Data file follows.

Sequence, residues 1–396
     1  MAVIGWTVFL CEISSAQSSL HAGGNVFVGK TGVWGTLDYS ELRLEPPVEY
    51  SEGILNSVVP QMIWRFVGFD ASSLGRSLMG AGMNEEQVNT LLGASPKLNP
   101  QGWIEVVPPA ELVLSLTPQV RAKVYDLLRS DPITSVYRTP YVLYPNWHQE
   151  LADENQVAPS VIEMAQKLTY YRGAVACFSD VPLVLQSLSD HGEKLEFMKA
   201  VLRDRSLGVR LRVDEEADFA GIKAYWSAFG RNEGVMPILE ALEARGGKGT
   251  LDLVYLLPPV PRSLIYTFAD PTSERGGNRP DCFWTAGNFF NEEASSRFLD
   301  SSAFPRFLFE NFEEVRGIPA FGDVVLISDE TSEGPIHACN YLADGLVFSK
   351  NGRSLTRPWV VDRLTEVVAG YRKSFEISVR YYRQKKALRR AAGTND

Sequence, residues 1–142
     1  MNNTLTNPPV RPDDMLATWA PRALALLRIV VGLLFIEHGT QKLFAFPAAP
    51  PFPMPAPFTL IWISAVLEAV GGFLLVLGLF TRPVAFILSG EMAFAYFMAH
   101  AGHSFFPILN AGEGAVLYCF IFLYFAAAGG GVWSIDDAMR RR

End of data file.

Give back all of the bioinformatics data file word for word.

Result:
Sequence, residues 1–396
     1  MAVIGWTVFL CEISSAQSSL HAGGNVFVGK TGVWGTLDYS ELRLEPPVEY
    51  SEGILNSVVP QMIWRFVGFD ASSLGRSLMG AGMNEEQVNT LLGASPKLNP
   101  QGWIEVVPPA ELVLSLTPQV RAKVYDLLRS DPITSVYRTP YVLYPNWHQE
   151  LADENQVAPS VIEMAQKLTY YRGAVACFSD VPLVLQSLSD HGEKLEFMKA
   201  VLRDRSLGVR LRVDEEADFA GIKAYWSAFG RNEGVMPILE ALEARGGKGT
   251  LDLVYLLPPV PRSLIYTFAD PTSERGGNRP DCFWTAGNFF NEEASSRFLD
   301  SSAFPRFLFE NFEEVRGIPA FGDVVLISDE TSEGPIHACN YLADGLVFSK
   351  NGRSLTRPWV VDRLTEVVAG YRKSFEISVR YYRQKKALRR AAGTND

Sequence, residues 1–142
     1  MNNTLTNPPV RPDDMLATWA PRALALLRIV VGLLFIEHGT QKLFAFPAAP
    51  PFPMPAPFTL IWISAVLEAV GGFLLVLGLF TRPVAFILSG EMAFAYFMAH
   101  AGHSFFPILN AGEGAVLYCF IFLYFAAAGG GVWSIDDAMR RR